QS Community Board

Health & Wellness December 5, 2017

Threats and Outbreaks: Preventing the Spread of Emerging Infectious Diseases for a Healthier Community

Julia S., Editor

Your community knows how to avoid the common cold – after all, being around someone who is congested is a great incentive to wash your hands often and be more careful. But are the people in your community aware of how to protect themselves against emerging infectious diseases (EIDs)? Read on to learn about EIDs and share the tips with your community to help prevent illness.

The Basics Broken Down

Infectious diseases are illnesses caused by bacteria, viruses and fungi that enter the body, multiply and cause infection. Infectious diseases can be spread:

  • From one person to another.
  • By bacteria carried in air, water, food or soil.
  • Through insect bites or by animals.

Emerging infectious diseases refer to infections that have increased recently or are threatening to increase in the near future. These infections could be:

  • Completely new (e.g., Bourbon virus or Middle East Respiratory Syndrome [MERS]).
  • New to an area (e.g., chikungunya in Florida).
  • Reappearing in an area (e.g., dengue in south Florida and Texas).
  • Caused by bacteria that have become resistant to antibiotics (e.g., methicillin-resistant Staphylococcus aureus [MRSA], C. difficile or drug-resistant tuberculosis).

Some EIDs that have increased in humans in the last 20 years include Zika virus, malaria, MRSA, MERS, West Nile Virus, C. difficile, ebola, chikungunya virus, dengue and tuberculosis, to name a few.

Stop the Spread

Self-care measures to prevent illness not only help you, but also the rest of your community – less sick people means less germs to be spread, which means a healthier community.

Helpful Reminders and Tips to Follow

  • Avoid close contact with people who are sick. When you are sick, keep your distance from others to protect them from getting sick too.
  • Cover your mouth and nose with a tissue when you cough or sneeze. If you don’t have a tissue, cough or sneeze into your inner elbow, not your hands.
  • Wash your hands often. Clean your hands after you cough or sneeze. Wash with soap and warm water (for at least 20 seconds) or clean with an alcohol-based hand sanitizer.
  • Avoid touching your eyes, nose and mouth. Bacteria are often spread when a person touches something that is contaminated and then touches his or her eyes, nose or mouth.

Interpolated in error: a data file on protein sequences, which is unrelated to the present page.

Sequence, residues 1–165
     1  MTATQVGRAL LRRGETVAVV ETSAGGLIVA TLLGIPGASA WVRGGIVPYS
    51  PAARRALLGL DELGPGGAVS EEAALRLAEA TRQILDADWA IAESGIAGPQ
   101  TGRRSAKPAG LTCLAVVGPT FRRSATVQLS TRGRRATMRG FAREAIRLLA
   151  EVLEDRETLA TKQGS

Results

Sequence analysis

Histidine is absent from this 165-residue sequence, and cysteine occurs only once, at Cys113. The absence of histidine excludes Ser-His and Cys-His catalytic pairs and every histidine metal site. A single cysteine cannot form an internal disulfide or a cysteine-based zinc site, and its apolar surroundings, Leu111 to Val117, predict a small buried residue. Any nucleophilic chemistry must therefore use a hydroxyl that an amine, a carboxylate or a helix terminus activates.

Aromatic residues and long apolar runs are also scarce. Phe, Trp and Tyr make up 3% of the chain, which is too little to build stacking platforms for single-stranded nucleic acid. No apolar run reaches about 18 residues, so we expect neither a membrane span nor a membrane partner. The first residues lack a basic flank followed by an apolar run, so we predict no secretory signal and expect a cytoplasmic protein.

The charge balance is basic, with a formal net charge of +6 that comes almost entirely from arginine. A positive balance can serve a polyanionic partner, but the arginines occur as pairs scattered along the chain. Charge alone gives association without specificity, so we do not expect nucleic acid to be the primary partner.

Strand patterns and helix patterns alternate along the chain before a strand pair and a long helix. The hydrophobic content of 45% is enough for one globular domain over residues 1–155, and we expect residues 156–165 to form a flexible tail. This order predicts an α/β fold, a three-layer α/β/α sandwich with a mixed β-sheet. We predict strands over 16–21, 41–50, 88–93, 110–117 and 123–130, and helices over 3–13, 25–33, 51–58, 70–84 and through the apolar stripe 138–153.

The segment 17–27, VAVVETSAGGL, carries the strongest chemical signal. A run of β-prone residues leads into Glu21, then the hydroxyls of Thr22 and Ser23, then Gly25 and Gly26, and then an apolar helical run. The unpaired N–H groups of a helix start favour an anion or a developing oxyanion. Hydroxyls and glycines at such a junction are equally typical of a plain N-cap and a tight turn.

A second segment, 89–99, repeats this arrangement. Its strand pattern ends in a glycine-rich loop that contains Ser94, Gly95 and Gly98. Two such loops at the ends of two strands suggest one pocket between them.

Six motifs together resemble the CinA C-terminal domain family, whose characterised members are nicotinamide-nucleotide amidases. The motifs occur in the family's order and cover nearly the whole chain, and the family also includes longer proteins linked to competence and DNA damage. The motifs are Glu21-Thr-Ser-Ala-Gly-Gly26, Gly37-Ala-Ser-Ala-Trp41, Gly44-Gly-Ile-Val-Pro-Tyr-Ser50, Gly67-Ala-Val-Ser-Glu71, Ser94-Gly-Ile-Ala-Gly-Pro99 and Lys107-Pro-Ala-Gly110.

• Get vaccinated. Some diseases are preventable through vaccination. According to the Centers for Disease Control and Prevention (CDC), If we stopped vaccinating, there would be epidemics of diseases that are nearly under control today.

Beware of the Bite

Avoiding mosquito and tick bites is another key part of preventing illness.

For mosquito bite prevention:
  • Use insect repellent. Use an Environmental Protection Agency (EPA)-registered insect repellent. Always follow label instructions.
  • If you have a baby or child, dress your child in clothing that covers his or her arms and legs, or cover the crib, stroller and baby carrier with mosquito netting. Do not apply insect repellent on babies younger than two months old.
  • Treat clothing and gear. Treat items such as boots, pants, socks and tents with permethrin or purchase permethrin-treated clothing and gear.
  • Mosquito-proof your home. Use screens on windows and doors. Also, use air-conditioning when available.
  • Use bed nets. Bed nets are one of the most effective means of mosquito bite prevention in tropical and subtropical countries. See if your destination has any travel alerts or recommendations.

Learn more about mosquito bite prevention on the CDC website.

For tick bite prevention:
  • Avoid direct contact with ticks. Avoid wooded and brushy areas with high grass and leaf litter, and always walk in the center of trails.
  • Repel ticks with DEET or permethrin. Use repellents on exposed skin and clothing for protection that lasts for several hours. Use products that contain permethrin on clothing.
  • Find and remove ticks from your body. Bathe or shower as soon as possible after coming indoors. Also, conduct a full-body tick check using a handheld or full-length mirror to view all parts of your body.
  • Examine gear and pets. Ticks can be carried into the home on clothing and pets, and attach to a person later

For more tips on preventing tick bites, visit the CDC website.

 

For more information on products available to purchase for your community, browse the QuickSeries® library of guides, including Emerging Infectious Diseases: Threats & OutbreaksPublic Health Preparedness and Preparing for Influenza.

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